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How to create a healthy communication climate

Whether we feel happy and valued at work, is strongly related to three simple questions:

  1. Do I experience openness and trust in interactions with co-workers, supervisors and top management?
  2. Do I have a say in decisions in which I feel I have a stake?
  3. Can I count on the support of my co-workers and team-lead when I need it?

Our collective feelings about these questions amount to what is known as an organization’s communication climate. It is strongly related to two characteristics of many successful organizations: a high level of engagement and a culture of collaboration. In this blog post I explore what we can do to foster a healthy communication climate.

 

The quality of relationships

Communication climate is a standard for the quality of the relationships we have at work. Communication climate can be measured at the level of the whole organization or parts of it, such as a geographical location, a department or a team.

  1. Trust: Do co-workers trust each other, their supervisors and top management? Do employees feel free to speak-up without fear for their position or reputation?
  2. Openness: Do employees feel that management and supervisors communicate openly and transparently or is top-down messaging mainly a good news-show?
  3. Voice: Do employees feel their opinions are valued and that they have a say in decisions? Do they feel they can speak up about their concerns and suggestions?
  4. Supportiveness: Do employees feel supported and taken seriously by their co-workers and supervisors?

A healthy communication climate creates the conditions for effective communication, which is the life-blood of every organization. It promotes self-confidence, engagement and collaboration. Employees will be more susceptible to messages from management and co-workers. Investments in HR and communication will thus yield a higher return. A healthy communication climate contributes to the effectiveness, vitality and resilience of an organization. This makes a healthy climate an indispensable factor in improving the performance of the organization as a whole.

Investing in a healthy communication climate may also be one of the most efficient ways to make an organization more effective as it does not require large investments at all.

So how can you best tackle communication climate? As the term already indicates communication climate is a long-term outcome and it often requires some kind of culture change. Here are some starting points:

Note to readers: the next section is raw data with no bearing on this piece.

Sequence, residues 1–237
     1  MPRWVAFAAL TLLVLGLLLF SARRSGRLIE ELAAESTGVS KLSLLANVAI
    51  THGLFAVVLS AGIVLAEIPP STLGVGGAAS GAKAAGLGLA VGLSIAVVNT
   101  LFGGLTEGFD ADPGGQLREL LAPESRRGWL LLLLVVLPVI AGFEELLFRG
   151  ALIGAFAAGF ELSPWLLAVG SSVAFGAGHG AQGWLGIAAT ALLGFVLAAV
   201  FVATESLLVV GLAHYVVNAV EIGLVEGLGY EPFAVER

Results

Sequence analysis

1. Make sure there is a logical fit between the desired communication climate and vision, mission and strategy.
  2. Secure unconditional and unequivocal support from the top (in larger organizations including senior management) for the objective and the approach and make this support visible and tangible.
  3. Devise a fully integrated change and communication approach, based on close cooperation between management, HR and communication.
  4. Create unavoidable exposure, the desired communication culture needs to be seen and felt everywhere in the organization.
  5. Walk-the-talk: credibility and consistency are essential; there should be no light between corporate messaging through internal media and what supervisors say and do.
  6. Align systems and processes such as recruitment, assessment and rewards with the desired communication climate. Identify and reward exemplary behavior.
  7. Maintain zero tolerance for behavior which undermines the credibility of the desired changes, also at the team-level.
  8. Go slow to go fast: be prepared that involving employees in decision making takes more time and creates expectations. The organization needs to learn how to play that game. Moreover, this ‘lost’ time is ​​often more than compensated in the implementation phase because of higher levels of employee involvement.
  9. Communicate openly and transparently: inform not only the good news but also setbacks; avoid euphemistic, disguising frames to give a positive spin to unwelcome news.
  10. Involve employees in the design of the desired communication climate and the way it is brought to life. Take objections and problems that employees bring up seriously.
  11. Don’t give up.

Finally, credibility and consistency are essential. Fostering a healthy climate requires unconditional commitment from top management and is ideally cast in stone in the organization’s mission and vision statements and obviously reflected in its practices. Systems and processes such as recruitment, recognition and rewards need to be aligned with the desired culture.

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